Surgical excision is the mainstay of the treatment. Recurrence is reduced by wide surgical excision at the same time preserving the surrounding structures. Well-encapsulated lipomas, easily shell out with no possibility of recurrence or damage to the surrounding structures. , The patient was followed up for a period of 1 year, with no signs of recurrence.
| Conclusion|| |
Lipoma of the oral cavity is considered as an unusual occurrence. It is a soft, asymptomatic, slow growing lesion for which complete excision is the treatment of choice, irrespective of its histological variant. The prognosis of this lesion is excellent with almost negligible chances of recurrence.
| References|| |
|1.||Castro A, Castro E, Felipini R, Ribeiro AC, Soubhia AM. Osteolipoma of the buccal mucosa. Med Oral Patol Oral Cir Bucal 2010;15:e347-9. |
|2.||Chidzonga MM, Mahomva L, Marimo C. Gigantic tongue lipoma: A case report. Med Oral Patol Oral Cir Bucal 2006;11:E437-9. |
|3.||Del Castillo Pardo de Vera JL, CebrianCarretero JL, Gomez GE. Chronic lingual ulceration caused by lipoma of the oral cavity. Case report. Med Oral 2004;9:166-7. |
|4.||Trandafir D, Gogãlniceanu D, Trandafir V, Cãruntu ID. Lipomas of the oral cavity--a retrospective study. Rev Med Chir Soc Med Nat Iasi 2007;111:754-8. |
|5.||Roux M. On exostosis: Their character. Am J Dent Sci1848;9:133-4. |
|6.||Venkateswarlu M, Geetha P, Srikanth M. A rare case of intraoral lipoma in a six year-old child: A case report.Int J Oral Sci 2011;3:43-6. |
|7.||Bandeca MC, de Padua JM, Nadalin MR, Ozorio ZE, Silva- Sousa YT,da Cruz Perez DE. Oral soft tissue lipomas: A case series. J Can Dent Assoc 2007;73:431-4. |
|8.||Adoga AA, Nimkur TL, Manasseh AN, Echejoh GO. Buccal soft tissue lipoma in an adult Nigerian: A case report and literature review. J Med Case Rep 2008;2:382. |
|9.||Lawoyin JO, Akande OO, Kolude B, Agbaje JO. Lipoma of the oral cavity: Clinicopathological review of seven cases from Ibadan. Niger J Med 2001;10:189-91. |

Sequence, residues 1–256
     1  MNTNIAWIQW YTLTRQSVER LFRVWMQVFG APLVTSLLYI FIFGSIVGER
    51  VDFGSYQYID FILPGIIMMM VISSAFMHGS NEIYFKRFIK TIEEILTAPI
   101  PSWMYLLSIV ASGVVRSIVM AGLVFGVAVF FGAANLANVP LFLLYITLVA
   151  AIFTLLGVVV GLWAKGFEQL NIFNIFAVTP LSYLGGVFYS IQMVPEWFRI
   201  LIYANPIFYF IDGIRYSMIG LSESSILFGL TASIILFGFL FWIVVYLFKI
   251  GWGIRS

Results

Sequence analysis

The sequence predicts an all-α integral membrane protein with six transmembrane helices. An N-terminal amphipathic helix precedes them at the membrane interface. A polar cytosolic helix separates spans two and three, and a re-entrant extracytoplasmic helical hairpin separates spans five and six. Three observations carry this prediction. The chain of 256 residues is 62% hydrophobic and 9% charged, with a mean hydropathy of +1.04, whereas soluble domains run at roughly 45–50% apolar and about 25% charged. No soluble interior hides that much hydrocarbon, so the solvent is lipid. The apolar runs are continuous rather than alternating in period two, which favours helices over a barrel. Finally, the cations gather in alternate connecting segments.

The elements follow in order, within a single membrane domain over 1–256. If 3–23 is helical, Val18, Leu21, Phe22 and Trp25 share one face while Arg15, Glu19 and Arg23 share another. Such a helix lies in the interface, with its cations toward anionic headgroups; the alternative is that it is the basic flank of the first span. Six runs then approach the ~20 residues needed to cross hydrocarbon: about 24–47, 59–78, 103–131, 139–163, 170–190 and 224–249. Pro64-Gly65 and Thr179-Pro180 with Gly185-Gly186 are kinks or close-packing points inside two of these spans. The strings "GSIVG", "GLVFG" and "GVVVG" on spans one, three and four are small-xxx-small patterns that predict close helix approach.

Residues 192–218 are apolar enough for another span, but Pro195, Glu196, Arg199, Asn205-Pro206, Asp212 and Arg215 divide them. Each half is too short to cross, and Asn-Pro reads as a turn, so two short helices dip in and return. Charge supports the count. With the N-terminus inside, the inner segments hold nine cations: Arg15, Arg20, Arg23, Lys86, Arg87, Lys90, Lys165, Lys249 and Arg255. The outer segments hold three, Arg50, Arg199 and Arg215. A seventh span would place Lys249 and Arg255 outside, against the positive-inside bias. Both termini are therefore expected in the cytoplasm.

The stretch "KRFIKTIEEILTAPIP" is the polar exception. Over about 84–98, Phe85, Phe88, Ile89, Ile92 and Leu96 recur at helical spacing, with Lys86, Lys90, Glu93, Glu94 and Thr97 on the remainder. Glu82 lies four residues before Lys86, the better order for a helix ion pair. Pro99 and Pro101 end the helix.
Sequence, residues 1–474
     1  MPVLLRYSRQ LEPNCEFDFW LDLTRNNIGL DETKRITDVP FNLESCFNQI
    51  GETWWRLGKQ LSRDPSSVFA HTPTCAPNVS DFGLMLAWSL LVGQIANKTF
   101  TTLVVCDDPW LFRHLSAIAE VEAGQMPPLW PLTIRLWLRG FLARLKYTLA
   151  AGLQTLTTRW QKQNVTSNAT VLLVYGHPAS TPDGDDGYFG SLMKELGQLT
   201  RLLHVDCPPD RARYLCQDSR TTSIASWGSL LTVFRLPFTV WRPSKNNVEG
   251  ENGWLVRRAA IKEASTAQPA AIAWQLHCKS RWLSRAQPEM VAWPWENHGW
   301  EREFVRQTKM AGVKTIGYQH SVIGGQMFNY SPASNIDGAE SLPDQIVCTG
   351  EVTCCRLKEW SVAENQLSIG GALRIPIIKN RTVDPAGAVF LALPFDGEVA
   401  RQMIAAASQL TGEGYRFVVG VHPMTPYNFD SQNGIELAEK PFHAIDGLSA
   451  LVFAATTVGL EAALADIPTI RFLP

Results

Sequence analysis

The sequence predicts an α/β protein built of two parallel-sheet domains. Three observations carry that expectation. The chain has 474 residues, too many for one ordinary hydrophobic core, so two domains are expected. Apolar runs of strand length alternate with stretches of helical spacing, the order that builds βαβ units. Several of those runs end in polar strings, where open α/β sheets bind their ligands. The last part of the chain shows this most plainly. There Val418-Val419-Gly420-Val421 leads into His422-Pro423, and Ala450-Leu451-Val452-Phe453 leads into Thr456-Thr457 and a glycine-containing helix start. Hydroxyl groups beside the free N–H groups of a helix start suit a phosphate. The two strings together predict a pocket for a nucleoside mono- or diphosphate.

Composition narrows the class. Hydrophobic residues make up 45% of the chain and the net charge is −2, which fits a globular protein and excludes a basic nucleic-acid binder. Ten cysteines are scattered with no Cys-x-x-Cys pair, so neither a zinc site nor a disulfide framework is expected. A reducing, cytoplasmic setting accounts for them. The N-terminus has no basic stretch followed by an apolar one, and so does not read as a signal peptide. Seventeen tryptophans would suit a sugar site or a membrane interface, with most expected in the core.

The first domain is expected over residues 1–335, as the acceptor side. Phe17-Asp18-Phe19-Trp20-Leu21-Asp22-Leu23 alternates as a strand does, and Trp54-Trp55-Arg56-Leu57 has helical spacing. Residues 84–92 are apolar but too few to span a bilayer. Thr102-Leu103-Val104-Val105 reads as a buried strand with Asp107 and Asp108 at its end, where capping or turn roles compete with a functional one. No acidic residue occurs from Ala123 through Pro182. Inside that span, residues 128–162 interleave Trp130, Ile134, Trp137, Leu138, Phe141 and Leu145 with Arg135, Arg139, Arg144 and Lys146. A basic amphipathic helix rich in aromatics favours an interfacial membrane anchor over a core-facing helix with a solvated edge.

|10.||Rajenderan R, Sivapathsundharam B. Textbook of Oral Pathology. 7 th ed. New Delhi: Elsevier; 2012. p.141-3. |
|11.||Enzinger FW, Weiss SW. Soft tissue tumors. 4 th ed. St. Louis: Mosby; 2001. p. 429-52. |
|12.||Kacker A, Taskin M. Atypical intramuscular lipomas of the tongue. J Laryngol Otol 1996;110:189-91. |
|13.||Epivatianos A, Markopoulos AK, Papanayotou P. Benign tumors of adipose tissue of the oral cavity: A clinicopathologic study of 13 cases. J Oral Maxillofac Surg 2000;58:1113-8. |
|14.||Furlong MA, Fanburg-Smith JC, Childers EL. Lipoma of the oral and maxillofacial region: Site and sub-classification of 125 cases. Oral Surg Oral Med Oral Pathol Oral Radiol Endod 2004;98:441-50. |
|15.||Fregnani ER, Pires FR, Falzoni R, Lopes MA, Vargas PA. Lipomas of the oral cavity: Clinical findings, histological classification and proliferative activity of 46 cases. Int J Oral Maxillofac Surg 2003;32:49-53. |
|16.||Juliasse LE, Nonaka CF, Pinto LP, FreitasRde A, Miguel MC. Lipomas of the oral cavity: Clinical and histopathologic study of 41 cases in a Brazilian population. Eur Arch Otorhinolaryngol 2010;267:459-65. |
|17.||de Freitas MA, Freitas VS, de Lima AA, Pereira FBJr., dos Santos JN. Intraoral lipomas: A study of 26 cases in a Brazilian population.Quintessence Int 2009;40:79-85. |
|18.||Studart-Soares EC, Costa FW, Sousa FB, Alves AP, Osterne RL. Oral lipomas in a Brazilian population: A 10-year study and analysis of 450 cases reported in the literature. Med Oral Patol Oral Cir Bucal 2010;15:e691-6. |
|19.||Manor E, Sion- Vardy N, Joshua BZ, Bodner L. Oral lipoma: Analysis of 58 new cases and review of the literature. Ann Diagn Pathol 2011;15:257-61. |
|20.||Solvonuk PF, Taylor GP, Hancock R, Woods WS, Frohlich J. Correlation of morphologic and biochemical observations in human lipomas. Lab Invest 1984;51:469-74. |
|21.||Fletcher CD, Akerman M, Dal Cin P, de Wever I, Mandahl N, Mertens F, et al. Correlation between clinicopathological features and karyotype in lipomatoustumors. A report of 178 cases from the Chromosomes and Morphology (CHAMP) Collaborative Study Group.Am J Pathol 1996;148:623-30. |
|22.||Piattelli A, Fioroni M, Rubini C. Intramuscular lipoma of the cheek: A case report. J Oral Maxillofac Surg 2000;58:817-9. |
|23.||Woodhouse JB, Delahunt B, English SF, Fraser HH, Furguson MM. Testicular lipomatosis in Cowden's syndrom. Mod Pathol 2005;18:1151-6. |
|24.||Regezi JA, Sciubba JJ, Jordan RC. Oral pathology clinical pathological correlations. 6 th ed, USA: Elsevier Saunders; 2012. p.184-5. |
[Figure 1], [Figure 2], [Figure 3]
[Table 1], [Table 2]